FCA and minister speak with optimism about the post-Brexit financial world
Assuming that it does eventually happen at some stage, the UK’s exit from the EU will certainly bring with it some major changes in the economy and in the way some financial services firms do business. However, Nausicaa Delfas, Executive Director of International at the Financial Conduct Authority (FCA), and John Glen, a Treasury minister, have both recently given speeches expressing optimism about the economic outlook.
Addressing the UK Financial Services Industry Beyond Brexit Summit, Ms Delfas said that the Financial Policy Committee, which is independent of the Government, has concluded that the UK financial system is adequately prepared for a disorderly Brexit. Although the House of Commons indicated that it accepted the new UK/EU Withdrawal Agreement in principle last month, the agreement still needs to be approved formally by both Houses of Parliament when they re-convene after the forthcoming General Election. A no-deal Brexit remains possible as it is the legal default position if any withdrawal agreement cannot be ratified.
The FCA director then mentioned some of the measures the FCA has taken to minimise Brexit disruption, which include:
- The Temporary Permissions Regime will allow European firms that currently operate in the UK using the ‘passporting’ system to continue to do so for a limited time after Brexit, before they needed to apply for full FCA authorisation. Some EU member states, but not all, have reciprocal agreements for UK firms who operate in the EU
- The FCA has agreed Memoranda of Understanding with all European Supervisory Authorities and Member States, as well as with countries across the globe
- The Temporary Transitional Power, which the FCA will use in the event of a no-deal exit, allows the regulator to delay or phase in changes to regulatory requirements made under the EU (Withdrawal) Act 2018 so firms can generally continue to comply with their regulatory obligations as they did prior to Brexit. The power has so far been extended to December 31 2020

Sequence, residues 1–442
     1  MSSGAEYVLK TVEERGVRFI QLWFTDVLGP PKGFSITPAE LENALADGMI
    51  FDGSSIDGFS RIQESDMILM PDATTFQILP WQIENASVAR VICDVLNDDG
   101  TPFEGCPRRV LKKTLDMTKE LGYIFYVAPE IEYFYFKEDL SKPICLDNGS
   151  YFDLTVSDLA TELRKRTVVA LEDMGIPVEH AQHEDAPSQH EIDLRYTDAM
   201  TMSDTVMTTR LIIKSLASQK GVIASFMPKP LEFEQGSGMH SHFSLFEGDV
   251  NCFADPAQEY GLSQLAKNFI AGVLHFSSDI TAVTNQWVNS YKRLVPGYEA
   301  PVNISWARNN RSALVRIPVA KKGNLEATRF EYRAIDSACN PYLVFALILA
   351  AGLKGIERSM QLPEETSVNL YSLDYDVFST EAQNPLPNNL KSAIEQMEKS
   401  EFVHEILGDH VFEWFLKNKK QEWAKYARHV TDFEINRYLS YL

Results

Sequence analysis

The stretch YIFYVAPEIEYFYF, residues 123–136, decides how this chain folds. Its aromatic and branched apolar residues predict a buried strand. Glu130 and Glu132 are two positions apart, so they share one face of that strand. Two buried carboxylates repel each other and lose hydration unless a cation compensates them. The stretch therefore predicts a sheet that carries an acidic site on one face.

Ms Delfas also remarked that, on exit day, the FCA’s rules will be much the same as they are now, and that these rules will be closely aligned with those that apply in the EU. After Brexit, the FCA will continue to work with European regulators, so it may well be the case that UK and EU rules remain closely aligned.
The Economic Secretary to the Treasury, John Glen MP, spoke at the same event, and also highlighted the extent to which the UK and EU will continue to co-operate regarding financial services legislation.
Here, Mr Glen commented:
“A deep and comprehensive relationship with the EU in financial services will help us [maintain the strength of UK financial services]. It will preserve cross-border market access in key areas, but also give us the freedom to set our own rules to enable the sector to thrive, while ensuring continued financial stability in the UK and the rest of Europe.”
He added that the text of the Political Declaration, which accompanies the UK Government’s Withdrawal Agreement, ensures close cooperation on regulatory and supervisory matters.
Ms Delfas’s speech mentioned that the FCA “may have some flexibility around EU rules we have onshored, particularly where experience shows them not to be working efficiently or effectively.” However, her comments about the way European regulators will continue to work together means that any firm expecting a significant decrease in their regulatory burden after Brexit is likely to be disappointed.
The information shown in this article was correct at the time of publication. Articles are not routinely reviewed and as such are not updated. Please be aware the facts, circumstances or legal position may change after publication of the article